Share Prices & Company Research


14 February 2022

Market Round-Up

The Winter Olympics have given Chinese residents a whole new money-making realm, following a surge in demand for souvenirs. Local enthusiasm for this year’s event has been muted by COVID-19 regulations and the country’s limited expectations of medal success but residents are queuing overnight outside the Beijing Arts and Crafts mall, hoping to get their hands on merchandise in a bid to resell it later for a huge profit. The most popular has been the dolls picturing the official mascot, a panda bear named Bing Dwen Dwen. One shopper has reported that after waiting overnight he bought two of the dolls for Rmb192 each, equivalent to US$30, and rapidly resold one for Rmb1000 (US$157). He was confident that the other would sell for a similar high price within the next 24 hours.

Despite acting as a source of income to those willing to wait in line, this speculation is highlighting the rich-poor divide which President Zi Jinping has been attempting to address with his drive for common prosperity. More wealthy speculators and collectors are simply hiring people to stand in line for them; in one case, a government official paid Wang Micheng, a former estate agent who was forced to leave the industry following a sharp downturn in house sales, a hefty amount to queue for 12 hours to buy one single souvenir. Speculators have been paying an hourly rate, on average, of Rmb80 for placeholders such as Wang.

The Lunar New Year is having a large play in the huge surge in popularity, in which the Olympics opened on the 4th of February, which was four days into the week-long holiday. It is tradition that people exchange gifts such as expensive bottles of Moutai, a popular liquor. The concurrence of the Olympics with the celebration has changed the theme of gifts this year, with the Bing Dwen Dwen doll being the most popular, and most appreciated. It is not only the gift exchange that is being shaped by the tradition, but also the clothes worn by attendees at the opening ceremony. Attendees paraded in down jackets and tiger-shaped hats and shoes in celebration of the Year of the Tiger which has bolstered sales of down jackets across the country, as evidenced by the 203% increase in sales for Chinese sportswear brand Anta.

Moving from the carbon-neutral Games to the global energy crisis, utility companies are a hot topic in the UK. The energy crunch caused by supply constraints of oil and gas which has caused prices to surge has benefitted BP, which recorded its highest profits in eight years. Profits hit £9.5bn at the end of last year as oil prices pushed above US$90. Energy companies have received criticism that they are making a profit off households’ fuel poverty, prompting calls for a windfall tax on UK energy companies. A windfall tax is a one-off tax imposed by a government on a company that has benefitted from an event that they were not responsible for. This would act to support families who are struggling to pay their energy bills and, if implemented, would be in addition to the recently announced Energy Bills Rebate, which will provide around 28 million households with an upfront discount on their bills worth £200, and the £150 council tax rebate due to be paid in April.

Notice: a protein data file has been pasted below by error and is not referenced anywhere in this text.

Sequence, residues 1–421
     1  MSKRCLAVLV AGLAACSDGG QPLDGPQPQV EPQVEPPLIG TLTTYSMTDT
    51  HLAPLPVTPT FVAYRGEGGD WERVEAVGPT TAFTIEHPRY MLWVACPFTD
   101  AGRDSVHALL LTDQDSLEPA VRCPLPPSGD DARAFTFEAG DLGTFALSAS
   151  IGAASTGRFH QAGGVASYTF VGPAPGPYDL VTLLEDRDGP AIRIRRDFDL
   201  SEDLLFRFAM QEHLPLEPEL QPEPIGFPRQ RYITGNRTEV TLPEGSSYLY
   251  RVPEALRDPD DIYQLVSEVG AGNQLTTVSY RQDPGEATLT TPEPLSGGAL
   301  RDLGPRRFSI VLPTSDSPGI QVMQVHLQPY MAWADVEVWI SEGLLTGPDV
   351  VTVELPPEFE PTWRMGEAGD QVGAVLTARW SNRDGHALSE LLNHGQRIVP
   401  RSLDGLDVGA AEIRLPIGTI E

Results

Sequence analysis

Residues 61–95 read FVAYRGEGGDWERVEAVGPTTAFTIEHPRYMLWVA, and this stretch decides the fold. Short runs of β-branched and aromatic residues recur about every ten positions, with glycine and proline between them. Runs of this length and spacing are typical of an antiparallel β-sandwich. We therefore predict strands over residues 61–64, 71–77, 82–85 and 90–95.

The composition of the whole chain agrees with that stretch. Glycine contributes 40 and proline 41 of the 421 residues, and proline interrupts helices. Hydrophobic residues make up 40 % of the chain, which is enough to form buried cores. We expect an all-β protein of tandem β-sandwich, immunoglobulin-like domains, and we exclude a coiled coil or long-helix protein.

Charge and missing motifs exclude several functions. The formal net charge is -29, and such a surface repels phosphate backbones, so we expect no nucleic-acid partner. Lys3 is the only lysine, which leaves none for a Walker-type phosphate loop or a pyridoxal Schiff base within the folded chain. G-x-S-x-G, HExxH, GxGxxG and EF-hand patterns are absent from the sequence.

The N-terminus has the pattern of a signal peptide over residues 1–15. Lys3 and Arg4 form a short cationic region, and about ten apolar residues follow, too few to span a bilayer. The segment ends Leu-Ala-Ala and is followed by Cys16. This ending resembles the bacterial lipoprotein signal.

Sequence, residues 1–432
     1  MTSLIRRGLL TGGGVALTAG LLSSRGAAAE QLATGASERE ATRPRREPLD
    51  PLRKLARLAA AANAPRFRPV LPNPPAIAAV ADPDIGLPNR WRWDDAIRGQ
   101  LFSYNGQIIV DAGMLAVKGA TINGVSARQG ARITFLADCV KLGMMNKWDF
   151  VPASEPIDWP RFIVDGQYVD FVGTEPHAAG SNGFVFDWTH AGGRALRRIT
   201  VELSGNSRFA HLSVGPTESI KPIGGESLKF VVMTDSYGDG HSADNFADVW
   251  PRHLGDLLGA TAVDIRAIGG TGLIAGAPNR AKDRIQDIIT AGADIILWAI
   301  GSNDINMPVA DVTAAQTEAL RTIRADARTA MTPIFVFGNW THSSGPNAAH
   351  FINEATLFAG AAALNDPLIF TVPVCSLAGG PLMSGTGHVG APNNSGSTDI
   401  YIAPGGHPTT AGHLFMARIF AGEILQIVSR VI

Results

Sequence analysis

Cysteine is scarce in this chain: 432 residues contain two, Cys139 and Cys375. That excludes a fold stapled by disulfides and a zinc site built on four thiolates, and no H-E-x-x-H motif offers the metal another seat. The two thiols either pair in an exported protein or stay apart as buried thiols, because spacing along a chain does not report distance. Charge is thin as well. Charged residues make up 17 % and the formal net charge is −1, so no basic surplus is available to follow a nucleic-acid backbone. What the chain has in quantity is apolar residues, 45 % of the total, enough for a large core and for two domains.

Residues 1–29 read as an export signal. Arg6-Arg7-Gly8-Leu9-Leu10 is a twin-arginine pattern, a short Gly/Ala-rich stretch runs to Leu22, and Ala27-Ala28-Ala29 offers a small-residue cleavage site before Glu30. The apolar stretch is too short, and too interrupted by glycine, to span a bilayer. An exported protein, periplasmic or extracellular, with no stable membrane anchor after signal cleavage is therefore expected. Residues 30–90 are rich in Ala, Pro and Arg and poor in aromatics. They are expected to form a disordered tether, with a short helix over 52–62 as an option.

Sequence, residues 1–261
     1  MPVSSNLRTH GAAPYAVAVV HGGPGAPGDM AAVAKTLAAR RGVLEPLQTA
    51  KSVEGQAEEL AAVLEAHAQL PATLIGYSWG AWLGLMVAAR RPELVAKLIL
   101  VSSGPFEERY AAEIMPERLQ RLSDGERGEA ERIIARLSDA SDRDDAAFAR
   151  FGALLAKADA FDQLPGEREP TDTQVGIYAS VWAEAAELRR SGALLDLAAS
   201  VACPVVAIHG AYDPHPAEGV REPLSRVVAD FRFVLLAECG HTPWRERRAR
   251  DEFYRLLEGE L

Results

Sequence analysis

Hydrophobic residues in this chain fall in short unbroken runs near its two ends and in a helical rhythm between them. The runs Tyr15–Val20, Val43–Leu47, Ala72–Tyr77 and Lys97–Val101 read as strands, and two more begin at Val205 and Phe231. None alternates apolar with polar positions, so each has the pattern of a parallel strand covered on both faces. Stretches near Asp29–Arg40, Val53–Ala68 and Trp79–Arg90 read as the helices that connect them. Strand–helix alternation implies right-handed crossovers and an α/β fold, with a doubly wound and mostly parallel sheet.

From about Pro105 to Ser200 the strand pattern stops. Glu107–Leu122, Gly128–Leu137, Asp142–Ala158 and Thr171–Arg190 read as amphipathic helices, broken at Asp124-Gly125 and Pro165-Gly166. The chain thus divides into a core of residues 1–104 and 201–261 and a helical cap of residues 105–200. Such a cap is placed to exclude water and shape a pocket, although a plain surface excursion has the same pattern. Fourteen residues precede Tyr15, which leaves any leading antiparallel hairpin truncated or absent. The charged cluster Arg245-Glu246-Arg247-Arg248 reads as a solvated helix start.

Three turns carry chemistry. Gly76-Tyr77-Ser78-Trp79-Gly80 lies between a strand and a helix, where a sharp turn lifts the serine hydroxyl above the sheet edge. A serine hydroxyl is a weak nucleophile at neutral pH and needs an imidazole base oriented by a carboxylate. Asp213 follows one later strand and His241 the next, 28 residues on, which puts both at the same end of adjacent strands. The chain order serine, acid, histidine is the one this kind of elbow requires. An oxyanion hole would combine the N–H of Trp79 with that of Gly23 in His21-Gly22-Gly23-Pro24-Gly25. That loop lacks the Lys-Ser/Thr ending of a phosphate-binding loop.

BP’s chief executive Bernard Looney has hit back at these calls, however, arguing that such a tax would deter investment and delay Britain’s goal to achieve net zero carbon emissions by 2050. BP’s plans include continuing to invest in its natural gas business while simultaneously increasing spending on renewable energy with a hope that it will make up 40% of total expenditure by 2025. Despite BP’s profits being driven by the fossil fuel arm of the business, the government has dismissed the idea of an increase in tax for oil and gas companies. With BP’s commitment to cut oil and gas production by 40% by 2030 and produce an additional 50GW of renewable energy, the tax move is deemed too much of a risk in curbing the net zero path in the wrong direction. Big profits will be needed to fund the transition.

Shell has also demonstrated its commitment to Britain’s Build Back Greener project as it was appointed to provide the carbon capture technology for a major Humber decarbonisation project. It will supply technology to the industrial area at the south of the Humber that aims to capture millions of tonnes of carbon dioxide (CO2) from the VPI Immingham combined heat and power station. The technology works by capturing over 95% of the CO2 in the gas which then gets compressed, transported, and safely stored in geological structures deep under the seabed. It is a government-backed multibillion-pound project known as Humber Zero which should capture eight billion tonnes of carbon from industrial processes and advance Britain, and in particular the Yorkshire area, toward its 2050 net zero ambitions.

Please note that this communication is for information only and does not constitute a recommendation to buy or sell the shares of the investments mentioned. The value of investments and any income derived from them may go down as well as up and you could get back less than you invested.
Market Round-Up
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